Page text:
Gustavo Petro Elected Mayor Of Bogotá – OpEd


By Larry Birns

Gustavo Petro’s hefty plurality in the Bogotá mayoral race represents a stunning victory for the country’s democratic process, and an even more explosive setback for the Obama administration’s paralytic Latin American policy as previously seen in Cuba. Together with the defeat of almost all of the candidates backed by former hardline Colombian president and U.S. lapdog Álvaro Uribe, Petro’s triumph represents a classic repudiation of Washington’s Cold War anti-insurgency policy that actually dates back to the Clinton administration’s fictive stance that all differences between nations are susceptible to being forced upon a procrustean bed rather than be subjected to the application of a vibrant democratic diplomacy. Maybe now local national interests and not only Washington’s narrow security values will be respected.

With Washington repeatedly striking out on its Cuban policy, the Obama White House is all but undistinguishable from what it was under President Bush. When it comes to Latin America, the current administration might want to take the opportunity to start fresh with Colombian President Juan Manual Santos and Bogotá’s victorious mayoral candidate, Gustavo Petro.

Because Washington now has to forget its favorite Latin American servitor Álvaro Uribe in favor of a dramatic new leadership in Colombia, Obama should seek to alter the Clinton and Bush policy, which relied heavily on violent, coercive rhetoric.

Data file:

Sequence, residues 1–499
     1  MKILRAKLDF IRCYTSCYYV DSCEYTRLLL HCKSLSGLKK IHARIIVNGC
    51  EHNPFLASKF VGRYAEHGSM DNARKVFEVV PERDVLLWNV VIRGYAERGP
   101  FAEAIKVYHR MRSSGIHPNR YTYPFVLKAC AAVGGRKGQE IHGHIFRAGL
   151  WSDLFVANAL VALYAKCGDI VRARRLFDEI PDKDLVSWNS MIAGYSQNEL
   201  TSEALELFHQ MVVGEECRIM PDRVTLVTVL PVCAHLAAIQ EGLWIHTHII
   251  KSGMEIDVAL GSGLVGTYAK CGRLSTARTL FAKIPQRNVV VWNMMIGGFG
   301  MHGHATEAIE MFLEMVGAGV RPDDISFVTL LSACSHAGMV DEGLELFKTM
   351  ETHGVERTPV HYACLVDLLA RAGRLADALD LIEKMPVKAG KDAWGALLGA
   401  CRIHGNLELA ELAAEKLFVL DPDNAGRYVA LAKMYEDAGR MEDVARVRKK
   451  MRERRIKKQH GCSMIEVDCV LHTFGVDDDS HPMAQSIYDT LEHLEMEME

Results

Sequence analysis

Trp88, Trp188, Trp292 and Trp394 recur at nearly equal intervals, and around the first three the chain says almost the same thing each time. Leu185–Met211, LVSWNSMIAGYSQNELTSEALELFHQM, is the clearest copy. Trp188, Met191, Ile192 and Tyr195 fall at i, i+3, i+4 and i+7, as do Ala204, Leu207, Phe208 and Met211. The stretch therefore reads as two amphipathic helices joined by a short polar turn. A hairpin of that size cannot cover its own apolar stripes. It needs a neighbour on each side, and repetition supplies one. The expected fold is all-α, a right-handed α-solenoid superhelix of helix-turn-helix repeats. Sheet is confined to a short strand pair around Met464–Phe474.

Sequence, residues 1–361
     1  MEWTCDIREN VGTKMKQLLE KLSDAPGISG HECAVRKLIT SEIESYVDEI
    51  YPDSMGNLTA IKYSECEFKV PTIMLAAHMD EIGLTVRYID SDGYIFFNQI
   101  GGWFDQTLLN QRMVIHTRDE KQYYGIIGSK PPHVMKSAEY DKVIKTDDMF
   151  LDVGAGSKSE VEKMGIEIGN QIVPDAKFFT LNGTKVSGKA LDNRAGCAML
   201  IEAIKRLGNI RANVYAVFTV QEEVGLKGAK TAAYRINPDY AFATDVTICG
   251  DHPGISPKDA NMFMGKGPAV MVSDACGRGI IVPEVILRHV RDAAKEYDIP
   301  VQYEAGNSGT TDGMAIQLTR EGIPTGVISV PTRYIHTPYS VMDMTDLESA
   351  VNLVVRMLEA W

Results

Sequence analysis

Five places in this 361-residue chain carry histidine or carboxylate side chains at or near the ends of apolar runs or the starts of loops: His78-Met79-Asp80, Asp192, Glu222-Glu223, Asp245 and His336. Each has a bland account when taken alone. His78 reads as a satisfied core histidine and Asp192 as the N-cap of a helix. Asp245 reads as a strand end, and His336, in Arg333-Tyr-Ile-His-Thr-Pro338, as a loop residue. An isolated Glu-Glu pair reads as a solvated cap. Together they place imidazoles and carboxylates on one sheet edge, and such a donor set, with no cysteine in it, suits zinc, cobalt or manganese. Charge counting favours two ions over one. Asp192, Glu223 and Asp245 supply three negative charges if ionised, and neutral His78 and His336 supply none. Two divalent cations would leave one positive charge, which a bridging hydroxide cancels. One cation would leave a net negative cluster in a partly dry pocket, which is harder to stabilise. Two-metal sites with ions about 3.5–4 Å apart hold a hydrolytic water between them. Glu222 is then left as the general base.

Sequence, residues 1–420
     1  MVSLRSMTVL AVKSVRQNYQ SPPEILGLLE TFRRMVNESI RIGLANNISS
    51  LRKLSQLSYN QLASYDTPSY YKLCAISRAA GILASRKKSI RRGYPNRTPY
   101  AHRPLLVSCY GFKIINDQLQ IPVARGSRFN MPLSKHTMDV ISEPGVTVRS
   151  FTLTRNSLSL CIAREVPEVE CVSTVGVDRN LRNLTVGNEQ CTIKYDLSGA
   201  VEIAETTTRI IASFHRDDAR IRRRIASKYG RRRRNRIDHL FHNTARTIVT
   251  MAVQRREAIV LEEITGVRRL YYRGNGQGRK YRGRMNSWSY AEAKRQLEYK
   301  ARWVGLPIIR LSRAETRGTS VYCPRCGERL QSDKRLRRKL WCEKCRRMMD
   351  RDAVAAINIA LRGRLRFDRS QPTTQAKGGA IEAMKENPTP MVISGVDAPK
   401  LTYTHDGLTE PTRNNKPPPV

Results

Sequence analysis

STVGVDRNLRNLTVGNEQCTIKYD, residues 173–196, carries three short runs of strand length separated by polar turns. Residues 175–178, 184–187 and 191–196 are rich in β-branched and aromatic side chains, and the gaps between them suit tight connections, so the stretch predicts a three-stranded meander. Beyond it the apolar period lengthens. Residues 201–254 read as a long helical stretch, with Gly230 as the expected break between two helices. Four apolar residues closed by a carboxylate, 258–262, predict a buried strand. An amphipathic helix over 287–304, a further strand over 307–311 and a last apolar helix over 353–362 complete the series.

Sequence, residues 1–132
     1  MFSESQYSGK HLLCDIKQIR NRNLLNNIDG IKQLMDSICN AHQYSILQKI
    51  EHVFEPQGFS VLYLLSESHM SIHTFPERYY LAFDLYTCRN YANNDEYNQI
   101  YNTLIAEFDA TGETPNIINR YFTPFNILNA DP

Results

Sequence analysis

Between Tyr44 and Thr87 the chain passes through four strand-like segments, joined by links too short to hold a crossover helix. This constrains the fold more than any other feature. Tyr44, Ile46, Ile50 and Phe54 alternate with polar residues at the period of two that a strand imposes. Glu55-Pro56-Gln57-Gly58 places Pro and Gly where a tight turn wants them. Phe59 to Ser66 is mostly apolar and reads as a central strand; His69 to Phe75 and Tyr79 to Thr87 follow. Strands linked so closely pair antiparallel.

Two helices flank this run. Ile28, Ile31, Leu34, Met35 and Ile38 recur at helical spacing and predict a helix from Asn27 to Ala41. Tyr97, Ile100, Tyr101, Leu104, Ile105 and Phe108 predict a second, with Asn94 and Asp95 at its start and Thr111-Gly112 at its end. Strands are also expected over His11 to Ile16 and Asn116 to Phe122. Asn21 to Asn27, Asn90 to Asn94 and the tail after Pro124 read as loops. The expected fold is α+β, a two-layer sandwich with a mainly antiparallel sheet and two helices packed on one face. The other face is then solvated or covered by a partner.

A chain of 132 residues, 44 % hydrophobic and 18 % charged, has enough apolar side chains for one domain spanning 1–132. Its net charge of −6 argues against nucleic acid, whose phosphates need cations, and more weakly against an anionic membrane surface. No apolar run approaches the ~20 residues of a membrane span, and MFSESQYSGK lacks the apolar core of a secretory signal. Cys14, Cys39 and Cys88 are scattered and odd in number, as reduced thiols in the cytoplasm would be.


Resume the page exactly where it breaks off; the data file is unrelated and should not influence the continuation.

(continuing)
There are lessons to be learned from Colombia, but not from Uribe. If Colombia demonstrates just a bit more in favor of human rights values, when it comes to the free trade agreement, Washington might be able to obtain heftier support from the democratic left which up to now has eluded it.


COHA, or Council on Hemispheric Affairs, was founded in 1975, the Council on Hemispheric Affairs (COHA), a nonprofit, tax-exempt independent research and information organization, was established to promote the common interests of the hemisphere, raise the visibility of regional affairs and increase the importance of the inter-American relationship, as well as encourage the formulation of rational and constructive U.S. policies towards Latin America.

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